By John Hickey
Friday, May 3rd, 2013 at 3:26 pm in Uncategorized.
For most starting pitchers, the pregame ritual on the road is the same.
You take the team bus to the ballpark, meaning you’re the last man to get to the clubhouse. You watch some video, go over notes on your opponent and sit down for a conference with the pitching coach and catcher.
Maybe in the downtime you might fiddle around on the iPad or plug the headphones into the iPod and lose yourself in some tunes.
A’s right-hander A.J. Griffin is not from that mold. Griffin spent the better part of an hour in the visitor’s clubhouse in Yankee Stadium being musical, and it seemed as if the Yankees were the furthest thing on his mind.
Griffin was sitting on one of the four long leather sofas in the clubhouse when the clubhouse was opened to the media. He was playing his guitar, singing first in English, then in Spanish, then in French, and later back to Spanish and English again.
For a while he was sitting right next to outfielder Yoenis Cespedes, so much so that manager Bob Melvin said “I thought he was serenading him.’’
And how is Griffin?
“He’s pretty good,’’ Melvin said. “But don’t tell him that.’’
Catcher John Jaso, another music fiend who took over playing the guitar at one point when Griffin took a break, said both Griffin’s guitar playing and voice were pretty decent.
“He can play,’’ Jaso said. “And he’s got a nice guitar.’’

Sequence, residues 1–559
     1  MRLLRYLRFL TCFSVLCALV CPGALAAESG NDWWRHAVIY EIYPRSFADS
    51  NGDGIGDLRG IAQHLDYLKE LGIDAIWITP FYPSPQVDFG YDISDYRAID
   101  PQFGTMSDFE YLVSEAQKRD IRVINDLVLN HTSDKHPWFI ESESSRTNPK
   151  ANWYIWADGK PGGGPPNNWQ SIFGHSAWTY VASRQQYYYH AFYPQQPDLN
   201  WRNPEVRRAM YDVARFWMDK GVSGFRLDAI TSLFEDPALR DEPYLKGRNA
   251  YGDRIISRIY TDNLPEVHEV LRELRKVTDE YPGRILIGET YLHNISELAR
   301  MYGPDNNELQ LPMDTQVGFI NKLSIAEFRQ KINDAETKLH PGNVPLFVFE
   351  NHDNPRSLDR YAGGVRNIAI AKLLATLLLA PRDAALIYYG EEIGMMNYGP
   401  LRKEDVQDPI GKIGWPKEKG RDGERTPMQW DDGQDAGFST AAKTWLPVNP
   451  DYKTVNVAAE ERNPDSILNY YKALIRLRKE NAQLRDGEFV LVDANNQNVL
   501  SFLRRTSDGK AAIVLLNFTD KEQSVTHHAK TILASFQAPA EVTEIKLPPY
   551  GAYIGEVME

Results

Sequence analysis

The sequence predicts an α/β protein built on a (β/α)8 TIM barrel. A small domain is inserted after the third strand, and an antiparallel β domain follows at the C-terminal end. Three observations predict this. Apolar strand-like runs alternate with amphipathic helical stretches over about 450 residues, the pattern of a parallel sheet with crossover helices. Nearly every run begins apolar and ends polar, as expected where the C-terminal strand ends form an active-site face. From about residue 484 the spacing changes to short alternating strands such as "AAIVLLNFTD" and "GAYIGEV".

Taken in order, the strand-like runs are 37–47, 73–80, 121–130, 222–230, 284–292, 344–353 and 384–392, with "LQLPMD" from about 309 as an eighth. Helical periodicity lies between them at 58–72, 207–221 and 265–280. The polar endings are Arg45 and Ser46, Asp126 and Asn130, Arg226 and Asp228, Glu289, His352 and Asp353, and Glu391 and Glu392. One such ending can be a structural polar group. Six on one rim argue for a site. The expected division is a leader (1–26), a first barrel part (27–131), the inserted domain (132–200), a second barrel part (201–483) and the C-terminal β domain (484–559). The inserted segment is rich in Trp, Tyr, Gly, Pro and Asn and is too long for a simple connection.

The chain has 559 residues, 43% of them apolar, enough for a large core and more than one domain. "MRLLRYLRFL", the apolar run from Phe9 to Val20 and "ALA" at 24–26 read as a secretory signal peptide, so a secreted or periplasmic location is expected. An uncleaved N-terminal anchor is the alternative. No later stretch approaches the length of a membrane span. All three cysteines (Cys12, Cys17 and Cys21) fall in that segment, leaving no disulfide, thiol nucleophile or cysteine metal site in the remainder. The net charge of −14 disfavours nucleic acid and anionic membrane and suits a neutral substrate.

Melvin said Griffin is no Randy Johnson or Curt Schillling, two pitchers famous for their solitary pregame rituals.
“Randy Johnson would not be one of those guys,’’ Melvin said. “And neither was Curt Schilling. The thing about Griffin is that you can’t tell (from his actions) what day he’s pitching. He is the same every day.’’
Melvin told the story of Griffin’s first big league start against the San Francisco Giants. Buster Posey hit a two-run homer off him in the first inning, and Griffin came in and told his new teammates that was all the Giants were getting that day. Then he went out and pitched well enough to make it so.
It’s too soon to tell, perhaps, but that attitude seems to foster a sense of fearlessness in Griffin, who was a winner right from the start when he jumped from the minor leagues to Oakland last year (7-1, 3.06) and who has been a little less consistent this year (2-2, 4.65).
But if being able to be relaxed in Yankee Stadium is a virtue, Griffin is a virtuoso.